Posts for 2003

NZ Sparks Up

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Now in its fourth year, New Zealand's SPARK Festival brings media artists from around the country and overseas together to discuss new work and ideas in creative practice. This year's draft programme is now online and packs 9 speakers and 24 proposals into the three-day event. Additionally, the day before the festival will see the first gathering of the newly formed Aotearoa Digital Arts network. Those of us not in Hamilton, NZ, can participate in the ADA symposium virtually, but it doesn't look like SPARK is offering remote participation. However, they are still calling for video 'blips' that will be screened between speakers, so if you're a blip-maker, you could be part of the bigger spark. - Helen Varley Jamieson

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Who is Reading This? Was Someone Else BCC'd?

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BCC, Flash animations by Motomichi Nakamura, has a palette of just four colors: red, grey, black, and white. The colors reference the influences of the Japan-born, New York-dwelling artist: Japanese manga, the Russian avante-garde, and 1920s Dutch design. In each of the four narratives, arresting visuals relate dark, humorous tales of technology--imbued misunderstanding or miscommunication. One animation opens with a couple holding hands, seemingly happy. In seconds they are driven apart by a litiginous mailing list moderator, who exhorts rules in two languages to drive the lessons of netiquette home. Details aren't provided on the lovers and how they breached regulations. But, BCC still manages to highlight delicate emotions and intricate interactions amid the regimens of net culture. -- Rachel Greene

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TIA meets GIA

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In response to public outcry over the formation of the Total Information Awareness (TIA) System in January 2003, the Bush administration tinkered with the project's name (now the Terrorist Information Awareness System) and hoped everything would be OK. Maybe this PR gesture was enough for some, but not for Ryan McKinley, a researcher at the MIT Media Lab. He decided to follow the old adage: don't get mad, get even. On July 4, 2003, McKinley launched his own initiative, the Government Information Awareness (GIA) in an effort to close the widening gap between a citizen's ability to monitor his or her government and the government's ability to monitor its citizens. His suite of software tools allows users to data mine individuals, organizations, and corporations related to the government and submit intelligence about government-related issues, while maintaining their anonymity. Now this is approaching something more like Total Information. -Brooke Singer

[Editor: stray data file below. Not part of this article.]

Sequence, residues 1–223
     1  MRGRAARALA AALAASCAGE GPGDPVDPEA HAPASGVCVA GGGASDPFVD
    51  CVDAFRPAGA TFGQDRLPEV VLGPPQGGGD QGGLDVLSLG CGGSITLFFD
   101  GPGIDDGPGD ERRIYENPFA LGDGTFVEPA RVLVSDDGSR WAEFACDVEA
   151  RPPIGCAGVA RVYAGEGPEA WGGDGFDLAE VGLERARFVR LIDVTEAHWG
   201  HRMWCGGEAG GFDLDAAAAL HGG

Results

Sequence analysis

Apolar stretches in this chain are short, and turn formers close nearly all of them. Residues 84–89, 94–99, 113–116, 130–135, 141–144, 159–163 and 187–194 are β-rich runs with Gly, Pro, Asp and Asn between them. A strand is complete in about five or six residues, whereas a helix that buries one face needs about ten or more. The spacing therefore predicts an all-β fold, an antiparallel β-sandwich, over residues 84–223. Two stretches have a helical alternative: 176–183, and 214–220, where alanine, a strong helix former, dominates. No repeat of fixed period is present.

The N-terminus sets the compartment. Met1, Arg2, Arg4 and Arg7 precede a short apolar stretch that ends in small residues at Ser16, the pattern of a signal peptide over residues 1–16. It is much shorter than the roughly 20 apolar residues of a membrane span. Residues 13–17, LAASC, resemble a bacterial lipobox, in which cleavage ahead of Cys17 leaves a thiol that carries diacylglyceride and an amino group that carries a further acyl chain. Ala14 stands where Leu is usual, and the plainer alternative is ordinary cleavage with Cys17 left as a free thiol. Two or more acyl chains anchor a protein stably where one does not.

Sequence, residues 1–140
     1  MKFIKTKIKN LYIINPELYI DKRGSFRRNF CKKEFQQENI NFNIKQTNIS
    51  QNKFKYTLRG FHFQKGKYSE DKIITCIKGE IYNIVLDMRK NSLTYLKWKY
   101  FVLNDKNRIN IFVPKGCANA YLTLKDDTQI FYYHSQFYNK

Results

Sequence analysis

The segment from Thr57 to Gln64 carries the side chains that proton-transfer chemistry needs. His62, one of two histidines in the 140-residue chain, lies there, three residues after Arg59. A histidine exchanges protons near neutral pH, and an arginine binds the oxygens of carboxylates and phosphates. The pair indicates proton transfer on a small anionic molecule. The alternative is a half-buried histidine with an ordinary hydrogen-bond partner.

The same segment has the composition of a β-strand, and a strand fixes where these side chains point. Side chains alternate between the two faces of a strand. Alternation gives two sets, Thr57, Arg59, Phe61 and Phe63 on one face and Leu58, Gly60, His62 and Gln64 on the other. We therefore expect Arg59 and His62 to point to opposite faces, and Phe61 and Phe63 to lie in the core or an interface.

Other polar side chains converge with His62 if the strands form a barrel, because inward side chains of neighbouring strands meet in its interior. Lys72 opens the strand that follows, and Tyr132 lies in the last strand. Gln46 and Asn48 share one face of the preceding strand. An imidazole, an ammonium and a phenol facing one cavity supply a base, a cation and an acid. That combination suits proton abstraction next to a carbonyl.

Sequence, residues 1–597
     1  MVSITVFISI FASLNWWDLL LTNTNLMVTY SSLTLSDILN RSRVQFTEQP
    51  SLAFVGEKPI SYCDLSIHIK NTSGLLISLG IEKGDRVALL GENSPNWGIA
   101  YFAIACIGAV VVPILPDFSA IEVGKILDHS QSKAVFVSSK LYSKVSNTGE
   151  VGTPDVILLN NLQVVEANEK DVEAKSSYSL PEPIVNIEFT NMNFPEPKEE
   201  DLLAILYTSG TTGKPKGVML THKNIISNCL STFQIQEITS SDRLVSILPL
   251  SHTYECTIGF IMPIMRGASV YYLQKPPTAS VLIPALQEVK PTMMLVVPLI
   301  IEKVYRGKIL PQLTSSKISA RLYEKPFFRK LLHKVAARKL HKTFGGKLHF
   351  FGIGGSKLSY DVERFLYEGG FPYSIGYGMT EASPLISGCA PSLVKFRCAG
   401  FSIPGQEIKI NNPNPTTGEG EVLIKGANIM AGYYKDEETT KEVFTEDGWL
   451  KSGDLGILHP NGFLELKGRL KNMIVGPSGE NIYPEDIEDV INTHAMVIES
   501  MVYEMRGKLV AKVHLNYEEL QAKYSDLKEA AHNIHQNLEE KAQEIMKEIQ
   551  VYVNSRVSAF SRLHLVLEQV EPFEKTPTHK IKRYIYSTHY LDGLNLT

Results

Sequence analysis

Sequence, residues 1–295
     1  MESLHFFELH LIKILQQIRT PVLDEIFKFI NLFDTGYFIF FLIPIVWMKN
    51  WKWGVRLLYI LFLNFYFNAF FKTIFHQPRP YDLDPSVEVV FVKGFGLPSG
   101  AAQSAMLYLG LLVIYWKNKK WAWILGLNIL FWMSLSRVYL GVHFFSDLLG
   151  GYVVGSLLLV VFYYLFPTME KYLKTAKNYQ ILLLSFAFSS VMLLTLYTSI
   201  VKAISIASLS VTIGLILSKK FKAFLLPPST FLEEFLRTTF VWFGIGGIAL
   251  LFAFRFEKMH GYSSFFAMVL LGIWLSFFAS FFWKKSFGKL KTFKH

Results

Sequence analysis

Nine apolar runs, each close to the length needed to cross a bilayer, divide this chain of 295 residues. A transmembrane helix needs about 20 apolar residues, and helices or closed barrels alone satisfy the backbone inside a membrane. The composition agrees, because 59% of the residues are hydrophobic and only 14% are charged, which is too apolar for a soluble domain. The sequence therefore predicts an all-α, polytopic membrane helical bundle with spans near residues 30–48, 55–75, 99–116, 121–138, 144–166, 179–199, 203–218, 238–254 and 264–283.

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The Mediatopian Situation

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Guy Debord and the Situationist International cautioned the 1968 Parisian intellectual community that the

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YGCOPPMMM

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The inspiration for American artist Amy Alexander's new work PPMMM is the nefarious workings of the Bush administration. Alexander contends that the government has pilfered the popular 'exquisite corpse' magnet poetry sets -- consisting of dozens of magnetized words ready to be creatively configured -- that usually adorn refrigerators. Alexander's smoking gun: the USA PATRIOT Act, which officially stands for 'Uniting and Strengthening America by Providing Appropriate Tools Required to Intercept and Obstruct Terrorism.' Considering the acronym an insult to the magnets, Alexander has programmed a desktop version of word-magnet-poetry. PPMMM, or the Post-PATRIOT Magnetic Motto Maker, an application for home-sloganeering and motto-making is available for both Macs and PCs. The artist also recommends sending your slogans to Washington, but considering the reach and force of the Patriot Act, we suggest users proceed with caution. -- Rachel Greene